Coalition of Labor Union Women
  • CLUW's Cervical Cancer Awareness Program
    Jul 10, 2014

    Preventing Cervical Cancer: What you need to know

    The Coalition of Labor Union Women participated in a July 14, 2009 briefing on cervical cancer prevention, the second of two events focusing on sexually transmitted infections hosted by the National Council of Women’s Organizations (NCWO), the American Social Health Association, and the National Partnership for Women and Families. Funded by a grant from HHS, Office of Women's Health, the briefings' primary audience was NCWO member organizations (CLUW being one) — particularly those able to get this information out to young women of color.

    The event was moderated by Marilyn Keefe of the National Partnership for Women & Families, and Carolyn Jacobson, Director of Cervical Cancer Prevention Works, Coalition of Labor Union.


    Download the following speakers' slide presentations:

    Cervical Cancer Prevention Works (CCPW) is the name of CLUW's cervical cancer awareness project. The project's mission is to empower union women by providing them with information on how to prevent this deadly disease. CLUW's CCPW is funded by Qiagen, one of the companies which makes an FDA-approved test for HPV (the virus that causes 96 percent of cervical cancer cases).

    For further information, contact:
    Carolyn J. Jacobson, Director, Cervical Cancer Prevention Works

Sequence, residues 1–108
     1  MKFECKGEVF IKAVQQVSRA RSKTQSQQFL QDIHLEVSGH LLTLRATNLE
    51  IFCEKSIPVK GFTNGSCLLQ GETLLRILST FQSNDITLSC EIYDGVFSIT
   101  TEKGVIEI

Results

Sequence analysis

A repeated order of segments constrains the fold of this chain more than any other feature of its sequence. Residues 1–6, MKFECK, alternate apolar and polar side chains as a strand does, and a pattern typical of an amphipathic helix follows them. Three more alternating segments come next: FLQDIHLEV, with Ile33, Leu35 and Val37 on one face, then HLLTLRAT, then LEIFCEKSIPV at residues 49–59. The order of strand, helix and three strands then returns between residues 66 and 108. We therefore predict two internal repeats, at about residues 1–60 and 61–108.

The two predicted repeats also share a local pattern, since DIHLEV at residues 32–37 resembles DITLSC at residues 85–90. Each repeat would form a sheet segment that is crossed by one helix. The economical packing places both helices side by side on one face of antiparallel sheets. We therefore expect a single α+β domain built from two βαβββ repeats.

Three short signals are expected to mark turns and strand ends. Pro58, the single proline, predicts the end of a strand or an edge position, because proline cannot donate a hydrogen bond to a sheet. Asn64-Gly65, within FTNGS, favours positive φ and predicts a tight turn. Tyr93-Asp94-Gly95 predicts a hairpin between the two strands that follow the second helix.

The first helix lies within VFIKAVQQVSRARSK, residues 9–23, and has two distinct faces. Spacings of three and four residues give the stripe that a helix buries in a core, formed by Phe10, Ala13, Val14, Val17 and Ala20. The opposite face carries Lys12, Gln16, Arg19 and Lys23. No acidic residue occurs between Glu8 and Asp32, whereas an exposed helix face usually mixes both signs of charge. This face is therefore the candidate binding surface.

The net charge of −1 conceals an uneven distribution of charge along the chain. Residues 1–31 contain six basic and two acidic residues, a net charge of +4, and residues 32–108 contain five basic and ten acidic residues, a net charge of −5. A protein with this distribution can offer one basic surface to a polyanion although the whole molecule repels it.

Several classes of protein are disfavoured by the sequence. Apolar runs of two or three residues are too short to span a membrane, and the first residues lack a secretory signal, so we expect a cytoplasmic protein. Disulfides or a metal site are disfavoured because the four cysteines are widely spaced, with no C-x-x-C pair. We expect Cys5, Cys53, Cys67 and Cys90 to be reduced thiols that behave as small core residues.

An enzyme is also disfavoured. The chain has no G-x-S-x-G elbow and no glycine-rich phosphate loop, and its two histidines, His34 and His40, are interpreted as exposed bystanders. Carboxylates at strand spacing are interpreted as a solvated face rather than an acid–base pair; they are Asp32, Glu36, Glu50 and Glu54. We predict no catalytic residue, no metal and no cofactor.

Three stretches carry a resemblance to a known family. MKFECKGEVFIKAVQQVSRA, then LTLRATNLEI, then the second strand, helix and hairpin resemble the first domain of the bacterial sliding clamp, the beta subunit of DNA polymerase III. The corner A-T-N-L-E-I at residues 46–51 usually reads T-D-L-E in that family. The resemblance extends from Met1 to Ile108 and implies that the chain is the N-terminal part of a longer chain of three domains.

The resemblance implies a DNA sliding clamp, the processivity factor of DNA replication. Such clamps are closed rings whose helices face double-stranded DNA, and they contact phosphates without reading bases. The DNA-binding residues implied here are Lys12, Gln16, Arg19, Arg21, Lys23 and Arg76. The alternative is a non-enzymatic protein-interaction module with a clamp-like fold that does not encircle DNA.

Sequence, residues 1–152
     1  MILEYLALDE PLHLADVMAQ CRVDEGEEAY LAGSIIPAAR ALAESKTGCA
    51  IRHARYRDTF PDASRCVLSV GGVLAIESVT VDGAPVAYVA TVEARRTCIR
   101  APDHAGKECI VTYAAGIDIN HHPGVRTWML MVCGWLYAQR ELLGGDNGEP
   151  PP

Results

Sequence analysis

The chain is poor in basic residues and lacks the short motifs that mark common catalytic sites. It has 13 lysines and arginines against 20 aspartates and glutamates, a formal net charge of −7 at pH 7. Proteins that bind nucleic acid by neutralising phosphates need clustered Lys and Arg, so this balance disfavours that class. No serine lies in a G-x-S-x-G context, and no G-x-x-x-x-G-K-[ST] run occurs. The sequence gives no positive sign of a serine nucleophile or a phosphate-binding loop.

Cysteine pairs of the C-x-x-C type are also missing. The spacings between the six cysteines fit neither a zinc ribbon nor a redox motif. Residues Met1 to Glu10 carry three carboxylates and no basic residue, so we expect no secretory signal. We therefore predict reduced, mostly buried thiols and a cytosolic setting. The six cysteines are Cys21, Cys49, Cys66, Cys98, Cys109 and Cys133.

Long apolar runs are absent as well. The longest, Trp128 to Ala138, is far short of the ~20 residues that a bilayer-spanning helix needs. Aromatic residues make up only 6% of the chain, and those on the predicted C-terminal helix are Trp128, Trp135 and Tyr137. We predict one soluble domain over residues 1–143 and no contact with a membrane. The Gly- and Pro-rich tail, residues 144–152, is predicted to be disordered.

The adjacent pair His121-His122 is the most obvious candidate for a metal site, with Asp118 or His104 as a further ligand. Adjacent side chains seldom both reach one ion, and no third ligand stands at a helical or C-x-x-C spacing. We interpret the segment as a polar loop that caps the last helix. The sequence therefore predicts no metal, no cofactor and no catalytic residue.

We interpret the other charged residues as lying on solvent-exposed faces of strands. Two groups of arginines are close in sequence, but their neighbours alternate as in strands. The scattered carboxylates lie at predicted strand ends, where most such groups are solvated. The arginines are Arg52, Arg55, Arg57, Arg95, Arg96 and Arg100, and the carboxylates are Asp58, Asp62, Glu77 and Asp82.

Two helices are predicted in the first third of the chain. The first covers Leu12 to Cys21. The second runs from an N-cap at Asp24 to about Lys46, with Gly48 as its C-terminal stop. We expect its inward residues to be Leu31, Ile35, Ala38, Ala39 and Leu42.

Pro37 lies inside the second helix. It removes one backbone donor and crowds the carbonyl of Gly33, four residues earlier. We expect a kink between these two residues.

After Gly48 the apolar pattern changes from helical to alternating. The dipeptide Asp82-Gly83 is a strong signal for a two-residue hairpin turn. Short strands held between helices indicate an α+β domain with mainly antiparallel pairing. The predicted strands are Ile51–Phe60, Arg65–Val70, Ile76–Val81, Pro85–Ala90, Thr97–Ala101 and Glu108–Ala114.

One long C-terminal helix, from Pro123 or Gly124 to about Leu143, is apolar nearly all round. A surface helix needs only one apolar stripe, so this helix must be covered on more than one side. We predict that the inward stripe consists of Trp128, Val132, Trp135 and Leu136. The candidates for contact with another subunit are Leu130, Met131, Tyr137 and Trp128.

HPV vaccines are now available for girls and women ages 9-26. Although the vaccines will help prevent many HPV infections, screening will still be needed to prevent cervical cancer.
    See: HPV Vaccine:  What You Need to Know

    View CDC podcast to help find out more about the two HPV vaccines that are available and why boys should consider getting the vaccine.

    CLUW's commitment to eliminating Cervical Cancer

    No woman should suffer or die from cervical cancer. Get screened today!

    In April 2003, the U.S. Food and Drug Administration (FDA) approved a new screening test to help determine which women age 30 and over are at a higher risk of developing cervical cancer. This screening method uses a DNA test to detect human papillomavirus (HPV), one of the most common sexually transmitted diseases, in combination with a Pap test. The DNA test identifies the 13 types of HPV most commonly associated with cervical cancer.

    At its March 2003 National Executive Board meeting, CLUW adopted a resolution of support of FDA approval of annual HPV screening for all women 30 and over. CLUW urges all unions to:

    • Cover all FDA-approved HPV testing, as recommended by the American Cancer Society.
    • Cover annual office visits with obstetrician or gynecologist for counseling on contraception, sexually transmitted infections, breast and other cancer screening, and, as deemed appropriate by the clinician, cervical cancer screening.
    • Protect patient confidentiality.

    In addition to its own new cervical cancer awareness program -- Cervical Cancer Prevention Works -- CLUW is actively working with public education programs to get this information out.

    Protect yourself against cervical cancer!

    • Age 9-26:
      Ask your provider about the HPV vaccine
    • By age 21:
      Get a Pap test
    • Age 30 and up:
      Ask your provider for an HPV test along with your Pap
    • Cervical cancer is one of the few types of cancers that can be prevented through vaccination and regular screening